This is Part One of the Guide to Lead Scoring. You can view Part 2 here, and Part 3 here.
Picture this: you’re selling vehicles, and you have a list that features over two hundred different leads, but you’re only allowed one day to try and make sales. How would you make the most sales? You’d follow the most promising leads.
That’s exactly what lead scoring is – a system designed to rank leads in order to determine which leads are ready to be cashed in. In our car example, an effective lead scoring system would tell you
who is ready to buy a car today, as well as who needs more time to make their decision.
The comprehensive Guide to Lead Scoring gives you the info, tools, and strategies that you need to put together a winning lead scoring process.You can download the entire guide in an easy to read PDF format here today – get started being more efficient and more profitable with our lead scoring methods right now.
Lead Scoring Misconceptions
Many people make the mistake of assuming that lead scoring tells them to only pursue the hot leads. It doesn’t.
The more expensive the item or service, the less likely people are to purchase immediately. If you use lead scoring and only pursue the hottest leads, you’re still leaving money on the table.
Lead scoring is also not an entirely mechanical or mathematical process. While it’s true that it does involve math and certain mechanisms, selling a product or service is ultimately based on relationships. You’ll never remove the human element from the marketing process. Lead scoring incorporates the human element by taking input from the sales team.
Lead scoring won’t qualify your leads for you; it’s still up to the sales team to identify who to pursue and who to ignore. However, lead scoring will tell you when you should try to make the sale.
Lead Scoring Usefulness
If you were going to make a guess, how many new leads do you think are sales-ready?
Going back to our car salesman example, if a person walks on your lot, how likely do you think it is that they’re ready to purchase a car that day?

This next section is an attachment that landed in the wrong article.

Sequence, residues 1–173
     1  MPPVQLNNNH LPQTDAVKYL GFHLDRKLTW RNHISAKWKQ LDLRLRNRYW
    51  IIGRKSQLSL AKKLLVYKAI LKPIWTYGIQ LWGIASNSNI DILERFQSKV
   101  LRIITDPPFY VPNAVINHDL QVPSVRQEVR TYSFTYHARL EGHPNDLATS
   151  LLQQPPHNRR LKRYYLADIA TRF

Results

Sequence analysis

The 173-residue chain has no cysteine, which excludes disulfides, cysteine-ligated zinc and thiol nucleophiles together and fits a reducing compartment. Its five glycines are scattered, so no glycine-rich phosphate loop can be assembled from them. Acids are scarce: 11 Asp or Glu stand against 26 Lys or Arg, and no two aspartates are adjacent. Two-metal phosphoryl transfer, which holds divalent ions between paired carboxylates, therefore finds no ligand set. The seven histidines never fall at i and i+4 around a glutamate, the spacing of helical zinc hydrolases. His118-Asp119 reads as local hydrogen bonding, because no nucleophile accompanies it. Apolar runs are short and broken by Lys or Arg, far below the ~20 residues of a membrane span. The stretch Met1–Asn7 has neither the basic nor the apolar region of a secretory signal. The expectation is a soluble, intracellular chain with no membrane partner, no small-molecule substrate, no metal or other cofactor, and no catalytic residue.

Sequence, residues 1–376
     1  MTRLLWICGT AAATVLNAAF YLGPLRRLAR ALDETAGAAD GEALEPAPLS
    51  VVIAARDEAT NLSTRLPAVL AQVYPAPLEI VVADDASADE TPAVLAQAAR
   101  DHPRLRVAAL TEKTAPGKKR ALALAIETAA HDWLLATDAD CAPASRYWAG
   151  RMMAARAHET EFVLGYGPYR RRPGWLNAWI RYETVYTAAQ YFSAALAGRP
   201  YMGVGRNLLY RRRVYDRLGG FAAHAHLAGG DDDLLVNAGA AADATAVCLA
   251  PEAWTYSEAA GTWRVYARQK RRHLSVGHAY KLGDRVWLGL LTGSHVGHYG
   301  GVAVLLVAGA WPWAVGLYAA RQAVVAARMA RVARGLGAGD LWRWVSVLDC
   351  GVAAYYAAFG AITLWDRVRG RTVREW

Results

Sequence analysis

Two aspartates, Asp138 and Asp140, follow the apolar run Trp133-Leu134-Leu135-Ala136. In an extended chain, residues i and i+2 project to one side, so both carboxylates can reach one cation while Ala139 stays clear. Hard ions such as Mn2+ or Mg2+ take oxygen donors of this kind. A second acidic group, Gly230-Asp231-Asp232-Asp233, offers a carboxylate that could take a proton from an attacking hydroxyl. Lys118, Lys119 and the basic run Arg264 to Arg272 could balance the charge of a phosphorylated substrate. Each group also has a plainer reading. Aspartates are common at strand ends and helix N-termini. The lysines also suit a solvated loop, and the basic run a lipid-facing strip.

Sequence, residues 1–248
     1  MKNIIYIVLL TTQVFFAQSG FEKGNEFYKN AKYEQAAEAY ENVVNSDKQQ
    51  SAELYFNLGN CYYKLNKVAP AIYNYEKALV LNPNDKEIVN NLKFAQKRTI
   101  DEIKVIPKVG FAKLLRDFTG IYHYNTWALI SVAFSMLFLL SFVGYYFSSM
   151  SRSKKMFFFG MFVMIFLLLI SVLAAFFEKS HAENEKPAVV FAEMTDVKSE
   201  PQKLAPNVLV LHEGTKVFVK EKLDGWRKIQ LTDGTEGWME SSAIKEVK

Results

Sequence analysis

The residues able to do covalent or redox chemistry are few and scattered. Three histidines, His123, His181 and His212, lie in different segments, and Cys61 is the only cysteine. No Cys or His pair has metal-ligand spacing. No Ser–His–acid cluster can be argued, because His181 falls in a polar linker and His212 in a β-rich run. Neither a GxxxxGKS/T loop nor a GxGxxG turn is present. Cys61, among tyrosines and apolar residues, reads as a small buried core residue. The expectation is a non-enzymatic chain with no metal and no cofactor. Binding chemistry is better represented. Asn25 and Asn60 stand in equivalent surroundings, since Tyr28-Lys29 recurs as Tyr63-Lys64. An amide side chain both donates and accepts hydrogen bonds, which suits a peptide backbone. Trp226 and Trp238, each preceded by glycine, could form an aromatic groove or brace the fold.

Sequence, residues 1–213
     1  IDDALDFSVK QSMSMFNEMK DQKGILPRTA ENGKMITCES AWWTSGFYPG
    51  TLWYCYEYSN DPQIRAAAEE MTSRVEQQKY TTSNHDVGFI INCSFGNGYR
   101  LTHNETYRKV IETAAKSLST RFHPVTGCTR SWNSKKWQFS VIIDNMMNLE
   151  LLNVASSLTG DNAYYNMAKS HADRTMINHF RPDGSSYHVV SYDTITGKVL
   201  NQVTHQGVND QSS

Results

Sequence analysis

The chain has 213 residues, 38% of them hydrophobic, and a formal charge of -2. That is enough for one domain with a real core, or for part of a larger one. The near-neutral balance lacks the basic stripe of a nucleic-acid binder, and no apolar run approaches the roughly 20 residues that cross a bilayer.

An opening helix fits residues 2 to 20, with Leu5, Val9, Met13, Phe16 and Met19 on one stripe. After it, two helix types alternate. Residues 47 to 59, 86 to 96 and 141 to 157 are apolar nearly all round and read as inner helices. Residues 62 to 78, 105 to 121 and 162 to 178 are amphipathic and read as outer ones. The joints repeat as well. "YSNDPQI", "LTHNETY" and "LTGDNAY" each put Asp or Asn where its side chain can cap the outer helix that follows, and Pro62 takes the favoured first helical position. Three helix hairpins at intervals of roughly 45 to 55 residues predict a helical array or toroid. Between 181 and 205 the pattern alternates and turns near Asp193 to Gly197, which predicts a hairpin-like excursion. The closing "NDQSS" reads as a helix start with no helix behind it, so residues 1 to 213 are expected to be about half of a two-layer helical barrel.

The answer? Only 25%.
The Benefits of Lead Scoring
By now, it’s apparent that lead scoring will show you where you need to focus and save you time. But what other benefits does it offer?
Uniting Marketing & Sales
In order to be successful, you need your marketing department and your sales department to work together efficiently. They need to have the same vocabulary and be contributors to the same process. Creating a lead scoring program gives you that vocabulary – both marketing and sales will have the same definition of a “lead”, which means your sales department won’t be chasing unqualified prospects.Lead scoring lays the foundation for both your marketing and your sales department to be more successful.
Strengthening the Revenue Cycle
One of the biggest advantages of using a lead scoring method is that you’ll know who is ready to buy and who’s going to take more time – and you can know this by taking a couple minutes to glance over a sheet. You don’t have to waste time in meetings discussing clients, because you’ll already know how to handle each situation. What’s more is that everyone else who has access to the information will know how to handle them as well, cutting down on time wasted with extraneous communication.
Increasing Your Return on Investment
One of the worst things that can happen to you is spending all of your time with one high profile client, only to have them decide to go elsewhere with their services. The loss can be devastating, and in some cases, people may lose their jobs. Lead scoring allows you to track the quality of each lead. You know who is likely to buy, and who isn’t. An increase in lead quality correlates directly to an increase in sales productivity. Instead of spending your time engaged with a cold lead, you can turn your focus to more receptive leads. You’ll have a good idea whether you’ll be able to close a deal ahead of time, which allows you to plan for the future and stay a step ahead of your competition.
Part 2 of The Guide to Lead Scoring
In Part 2 of The Guide to Lead Scoring, we will examine how to begin implementing a lead scoring system. We’ll look at implicit and explicit scoring and other ways to rate leads in your system.[/fusion_builder_row][/fusion_builder_container]